Its not just me. It all the other developers and IT folks I have worked with and all the companies they have worked at. I know no one who was denied meal breaks and other basic worker rights, with the exception of paid overtime due to a salary pay scheme. Have there been bosses who were a-holes, sure, that too. Might an a-hole somewhere have violated a labor law, sure. But that is the occasional anomaly not some sort of general rollback of worker rights to pre-union days, and such anomalies are easily handled by state labor boards.
I agree with my 40+ year union veteran grandfather. Unions once did very important work, but those battles are over and won. There are no serious efforts to roll back basic worker rights to pre union days. Unless one misrepresents the limits on collective bargaining by government employees. As even FDR admitted government employees are in a very different and special position compared to industrial workers and the same rights and methods should not apply.
Are there unresolved issues that unions could help resolve, sure. But such unresolved issues do not change the fact that many big issues are resolved and resolved by a much higher authority, government.
Its quite legitimate for people to fear a decline in the quality of living in the future but that is not due to lower union participation. It is due to governmental policies that foster the outsourcing of jobs overseas. Its not that workers are in general losing protections that were union issues a century ago. Its that workers are losing good factory and industrial jobs.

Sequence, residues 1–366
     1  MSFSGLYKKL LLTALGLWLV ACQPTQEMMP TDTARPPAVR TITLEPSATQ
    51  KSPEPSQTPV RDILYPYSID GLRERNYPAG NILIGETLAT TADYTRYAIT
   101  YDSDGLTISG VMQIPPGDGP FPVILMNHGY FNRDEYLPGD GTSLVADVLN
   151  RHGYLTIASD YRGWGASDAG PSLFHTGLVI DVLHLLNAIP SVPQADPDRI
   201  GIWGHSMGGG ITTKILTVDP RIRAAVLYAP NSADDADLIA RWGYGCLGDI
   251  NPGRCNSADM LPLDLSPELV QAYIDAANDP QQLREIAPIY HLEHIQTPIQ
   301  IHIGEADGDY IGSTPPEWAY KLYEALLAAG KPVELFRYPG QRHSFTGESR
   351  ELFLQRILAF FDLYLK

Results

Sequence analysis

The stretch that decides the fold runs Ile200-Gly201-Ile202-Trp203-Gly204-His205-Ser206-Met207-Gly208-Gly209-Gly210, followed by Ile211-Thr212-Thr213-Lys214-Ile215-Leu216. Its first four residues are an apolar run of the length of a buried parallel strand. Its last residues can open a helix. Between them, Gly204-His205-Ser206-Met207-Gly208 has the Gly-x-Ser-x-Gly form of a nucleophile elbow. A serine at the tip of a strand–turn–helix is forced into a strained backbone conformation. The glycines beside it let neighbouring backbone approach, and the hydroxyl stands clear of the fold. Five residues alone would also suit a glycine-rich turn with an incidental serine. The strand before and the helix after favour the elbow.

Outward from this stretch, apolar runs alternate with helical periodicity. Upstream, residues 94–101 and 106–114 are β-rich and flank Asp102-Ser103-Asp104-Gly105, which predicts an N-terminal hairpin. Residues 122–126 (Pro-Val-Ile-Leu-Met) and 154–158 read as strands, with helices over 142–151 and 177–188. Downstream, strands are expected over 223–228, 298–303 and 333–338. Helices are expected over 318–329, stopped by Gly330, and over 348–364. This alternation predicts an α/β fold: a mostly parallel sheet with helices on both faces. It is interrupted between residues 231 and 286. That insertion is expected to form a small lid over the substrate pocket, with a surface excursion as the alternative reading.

Or to put things simply. Given that unions won the big "battles" its natural that their "army" scale down in size and only find itself fighting small skirmishes. Again I reference my grandfather who was a 40+ year worker enrolled (1930s-70s) in a rather large and well known union. In his opinion the union was once important but "today" (1970s) its just a racket to collect dues and perpetuate itself, to serve itself, not to serve its member workers, not to maintain levels of worker tradecraft and skill. I had friend who worked at a small and very profitable corrugated paper container manufacturer in the 2000s. She said the owner and floor manager were pretty flexible, reasonable and fair with the workers. But a union organizer came by and convinced them to organize, they unionized, came under the umbrella of one of the large and well known organizations. And the flexible environment they previously enjoyed was replaced with a bureaucratic and micromanaged environment. The bonuses and other extra benefits they once received were replaced with a boilerplate contract negotiated far away and long ago. The workers on the floor quickly came to the opinion that they were lied to and screwed and regretted unionizing. Many who voted to unionize were saying they would vote to de-unionize as soon as the law allowed them to do so. Unionizing is no panacea. Its a myth to think it always improves things. In an anomalous abusive situation it might help workers to organize. Should they join a big well known union in such a situation, possibly not. They might be better served by a small and regional organization, a more local effort. Assuming of course that their grievances can't be resolved by the state labor board.